In 1968, Joy is pregnant with her second child, when she experiences dizzy spells and fainting. She is diagnosed with a heart condition that could prove fatal if she carries the baby to term. Together with her doctor and her husband, an ascending lawyer, the housewife appeals to the responsible medical board to grant an exceptional abortion. The request is denied, and as she tries to find alternative solutions, further obstacles block her way. When she finds a collective, whose goal it is to help women in situations like hers, she decides to join them.

Based on the real Jane Collective that operated in Chicago between 1969 and 1973, Call Jane makes a piece of the American feminist movement accessible and digestible to modern audiences. Phyllis Nagy (best known for writing the screenplay for Carol) directs her second feature with the life-altering energy typically found in road movies, even though travel in this drama comes down to car trips within city limits. With a predominantly female cast and crew, the very pertinent subject matter is handled respectfully, but the standard the film sets for itself – providing insight into the personal stories of multiple women, who have either worked for or been helped by the foundation – is not entirely realisable in a runtime of two hours. The drama wastes precious minutes on an inconsequential side plot involving Joy’s husband and her neighbour.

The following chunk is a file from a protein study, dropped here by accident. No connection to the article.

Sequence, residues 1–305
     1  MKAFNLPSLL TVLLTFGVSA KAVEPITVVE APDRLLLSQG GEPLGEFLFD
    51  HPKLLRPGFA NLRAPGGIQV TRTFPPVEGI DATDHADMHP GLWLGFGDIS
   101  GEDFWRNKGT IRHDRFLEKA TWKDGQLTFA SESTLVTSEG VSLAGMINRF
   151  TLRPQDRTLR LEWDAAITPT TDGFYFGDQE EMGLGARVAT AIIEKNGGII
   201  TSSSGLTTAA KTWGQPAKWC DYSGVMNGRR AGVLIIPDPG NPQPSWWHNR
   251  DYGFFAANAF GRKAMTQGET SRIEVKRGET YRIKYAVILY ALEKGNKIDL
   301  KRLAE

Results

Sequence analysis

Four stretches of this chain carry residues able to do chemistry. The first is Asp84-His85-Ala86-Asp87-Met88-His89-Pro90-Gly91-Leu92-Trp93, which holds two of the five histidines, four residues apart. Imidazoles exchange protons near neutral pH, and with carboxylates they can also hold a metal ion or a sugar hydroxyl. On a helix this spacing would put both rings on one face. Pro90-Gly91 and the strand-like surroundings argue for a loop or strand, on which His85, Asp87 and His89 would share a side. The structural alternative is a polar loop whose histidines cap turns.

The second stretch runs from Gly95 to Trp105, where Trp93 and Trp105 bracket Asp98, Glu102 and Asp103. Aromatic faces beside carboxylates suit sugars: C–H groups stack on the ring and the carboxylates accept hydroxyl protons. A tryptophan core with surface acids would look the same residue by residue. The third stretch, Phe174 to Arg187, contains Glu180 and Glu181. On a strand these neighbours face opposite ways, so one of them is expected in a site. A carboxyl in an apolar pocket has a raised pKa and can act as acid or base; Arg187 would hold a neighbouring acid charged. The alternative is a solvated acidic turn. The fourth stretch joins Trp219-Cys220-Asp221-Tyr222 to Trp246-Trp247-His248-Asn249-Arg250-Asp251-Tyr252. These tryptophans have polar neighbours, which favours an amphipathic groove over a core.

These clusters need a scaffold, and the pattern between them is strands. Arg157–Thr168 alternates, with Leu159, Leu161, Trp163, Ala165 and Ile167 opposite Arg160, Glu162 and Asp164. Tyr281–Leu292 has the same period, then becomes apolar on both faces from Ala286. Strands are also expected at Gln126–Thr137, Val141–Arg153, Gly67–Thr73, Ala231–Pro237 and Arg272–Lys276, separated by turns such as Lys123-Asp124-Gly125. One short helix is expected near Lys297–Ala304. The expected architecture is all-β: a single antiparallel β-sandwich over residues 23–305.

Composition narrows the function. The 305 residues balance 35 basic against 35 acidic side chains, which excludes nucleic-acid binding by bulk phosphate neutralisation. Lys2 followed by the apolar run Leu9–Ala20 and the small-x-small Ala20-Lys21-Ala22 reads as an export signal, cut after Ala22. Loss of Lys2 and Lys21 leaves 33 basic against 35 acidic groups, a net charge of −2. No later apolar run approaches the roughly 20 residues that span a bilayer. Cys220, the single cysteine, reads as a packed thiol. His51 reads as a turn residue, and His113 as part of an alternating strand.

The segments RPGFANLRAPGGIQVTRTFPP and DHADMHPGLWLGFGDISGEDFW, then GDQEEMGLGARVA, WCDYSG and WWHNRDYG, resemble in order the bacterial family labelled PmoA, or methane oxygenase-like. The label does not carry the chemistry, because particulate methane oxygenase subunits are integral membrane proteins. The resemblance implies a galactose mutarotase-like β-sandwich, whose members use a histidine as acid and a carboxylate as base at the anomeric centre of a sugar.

Elizabeth Banks expertly leads the impressive cast by playing Joy as an unpredictable homemaker. Her immaculately coiffed hair and elegant attire make it easy to underestimate her strength of character. Even the founder of the underground service, Virginia (played by Sigourney Weaver) mistakes her for someone who “bakes average Snickerdoodles” at first.

Shot on film, the grain in the images not only adds the perfect ingredient to the retro layout, but the picture’s close-ups are rewarded with striking textures of skin. The scenes of the procedures, in which the hustle surrounding legal complications and so on is slowed down to the here and now, are the production’s most potent moments. Seeing the reality of how no woman takes this incredibly personal decision lightly appeals to the audience’s empathy, and will hopefully carry over into their own lives.  


Selina Sondermann

Call Jane does not have a UK release date yet.

For further information about the event visit the Berlin Film Festival website here.

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